As Notre Dame heaves itself into the second week of the new College Football Playoff ranking scheme, it does so in the wake of its annual battle with the United States Naval Academy. For the Midshipmen, Notre Dame is one of three annual rivals and the only non-service academy it schedules every year. Notre Dame is also the only one that brings a ranking into the game with any consistency, if at all. But that’s not to say that the Mids haven’t played other “high-profile” teams in recent years. For example, did you know, or do you remember, that Navy played, and beat, Stanford in 2006? That they beat a ranked Wake Forest team in 2008? Or that they hung with a Top Ten S.E.C. team in 2011?
With the flotsam from last night’s 49-39 victory dissipating, I wanted to conduct a sort of battle-damage assessment of the ranked squads Navy either defeated or lost to by ten points or less. Specifically, I wanted to see what effect a loss or “close win” had on a ranked team. To do so, I used the NCAA Football Schedules maintained by ESPN, which go back to 2002. In those twelve seasons, I identified six games in which Navy played and either beat or suffered a “close loss” to a ranked team. In none of the seasons was Navy ranked at the time of the subject-matter game. To determine a team’s ranking, I used either its AP rank, BCS rank, or Playoff Committee (PC) rank. Here’s a table showing what I found:[table “” not found /]
Setting aside the 2002 Notre Dame game, it’s pretty clear what happens when you play Navy and don’t beat them by more than ten points: you suffer a negative consequence. This season, Ohio State dropped two AP spots following its 34-17 win, just as it did 2009 when it beat Navy 31-27. South Carolina fell two AP spots in 2011 after skating by the Midshipmen, 24-21. The only team, that I found, not to take a hit was Notre Dame in 2002, whose AP ranking was unchanged following its 30-24 win.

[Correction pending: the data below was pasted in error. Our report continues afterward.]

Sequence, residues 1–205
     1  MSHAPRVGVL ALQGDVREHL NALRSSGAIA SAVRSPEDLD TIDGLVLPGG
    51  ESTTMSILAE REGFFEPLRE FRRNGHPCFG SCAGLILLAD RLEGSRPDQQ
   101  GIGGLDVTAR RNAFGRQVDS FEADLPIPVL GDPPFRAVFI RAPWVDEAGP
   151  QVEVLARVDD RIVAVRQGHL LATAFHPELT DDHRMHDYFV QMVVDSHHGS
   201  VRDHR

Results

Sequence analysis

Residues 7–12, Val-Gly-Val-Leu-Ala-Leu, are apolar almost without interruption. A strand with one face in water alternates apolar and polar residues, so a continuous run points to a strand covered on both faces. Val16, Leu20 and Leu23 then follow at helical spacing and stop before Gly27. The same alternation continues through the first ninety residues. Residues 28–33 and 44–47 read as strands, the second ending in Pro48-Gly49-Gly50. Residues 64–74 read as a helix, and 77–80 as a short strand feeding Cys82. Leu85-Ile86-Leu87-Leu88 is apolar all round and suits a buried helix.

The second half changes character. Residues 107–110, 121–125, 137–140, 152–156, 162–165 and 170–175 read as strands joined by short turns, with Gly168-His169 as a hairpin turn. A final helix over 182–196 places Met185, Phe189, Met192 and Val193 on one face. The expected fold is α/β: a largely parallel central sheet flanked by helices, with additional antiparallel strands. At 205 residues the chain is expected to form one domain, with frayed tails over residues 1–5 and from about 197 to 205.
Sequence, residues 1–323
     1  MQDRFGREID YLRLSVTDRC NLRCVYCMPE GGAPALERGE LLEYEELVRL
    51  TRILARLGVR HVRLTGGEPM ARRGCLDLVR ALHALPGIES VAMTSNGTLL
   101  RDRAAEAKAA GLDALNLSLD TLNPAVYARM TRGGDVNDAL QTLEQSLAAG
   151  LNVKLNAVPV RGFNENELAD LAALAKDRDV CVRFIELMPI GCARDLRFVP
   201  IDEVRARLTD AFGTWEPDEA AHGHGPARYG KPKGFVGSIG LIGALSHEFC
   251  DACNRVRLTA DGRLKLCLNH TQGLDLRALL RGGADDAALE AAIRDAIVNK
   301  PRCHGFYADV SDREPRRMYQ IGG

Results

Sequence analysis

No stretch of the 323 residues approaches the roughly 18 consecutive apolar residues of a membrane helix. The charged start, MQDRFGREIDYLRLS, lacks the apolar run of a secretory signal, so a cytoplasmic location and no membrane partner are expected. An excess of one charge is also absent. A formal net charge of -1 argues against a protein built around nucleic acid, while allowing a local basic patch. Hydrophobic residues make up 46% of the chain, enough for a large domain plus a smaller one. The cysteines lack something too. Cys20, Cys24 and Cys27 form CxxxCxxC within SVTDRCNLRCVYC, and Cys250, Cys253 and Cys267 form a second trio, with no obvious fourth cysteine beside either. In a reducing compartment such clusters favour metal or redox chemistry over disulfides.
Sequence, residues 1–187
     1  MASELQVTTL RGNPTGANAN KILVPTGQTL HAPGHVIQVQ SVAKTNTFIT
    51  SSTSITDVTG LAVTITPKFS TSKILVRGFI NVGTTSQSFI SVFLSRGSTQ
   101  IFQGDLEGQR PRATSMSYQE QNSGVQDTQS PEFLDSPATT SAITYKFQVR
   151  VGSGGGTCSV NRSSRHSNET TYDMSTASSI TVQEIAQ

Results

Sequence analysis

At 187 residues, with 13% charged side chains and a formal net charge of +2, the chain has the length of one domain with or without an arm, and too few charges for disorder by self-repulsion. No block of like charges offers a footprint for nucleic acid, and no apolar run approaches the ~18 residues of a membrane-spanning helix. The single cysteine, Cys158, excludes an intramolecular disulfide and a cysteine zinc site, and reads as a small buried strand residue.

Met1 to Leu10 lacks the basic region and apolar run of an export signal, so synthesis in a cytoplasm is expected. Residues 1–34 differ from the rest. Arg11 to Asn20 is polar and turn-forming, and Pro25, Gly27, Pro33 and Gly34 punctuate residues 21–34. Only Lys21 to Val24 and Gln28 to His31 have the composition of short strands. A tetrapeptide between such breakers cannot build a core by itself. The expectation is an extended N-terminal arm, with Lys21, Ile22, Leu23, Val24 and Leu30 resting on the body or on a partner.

A loss to Navy, though, can sink a team’s ranking. Wake Forest came into its September 27 game against Navy ranked 16th in the AP poll. Following its 24-17 loss, it fell nine spots. In 2009, the Fighting Irish were ranked 22nd in the BCS poll and lost 23-21 on November 7. The next week, the Irish fell out of the Top Twenty-Five.
What happens on November 4 when the new Playoff Committee rankings come out is anyone’s guess, but I think you’ll see the Irish pay the price for not beating up on Navy. The “SEC is AWESOME” theory will be in for a real test, too, as #1 Mississippi State only managed to beat unranked Arkansas, 17-10. Elsewhere, TCU, at #7, narrowly defeated #20 West Virginia, 31-30, while unranked Florida took Georgia apart and UCLA beat Arizona. So, all things considered, I think you’ll see the next ranking shake out thusly: FSU, Auburn, Mississippi State, Oregon, Alabama, Ole Miss, Michigan State, Kansas State, TCU, Baylor, Notre Dame.
I hope I’m wrong, but teams that don’t boat-race Navy usually find their rankings scuppered.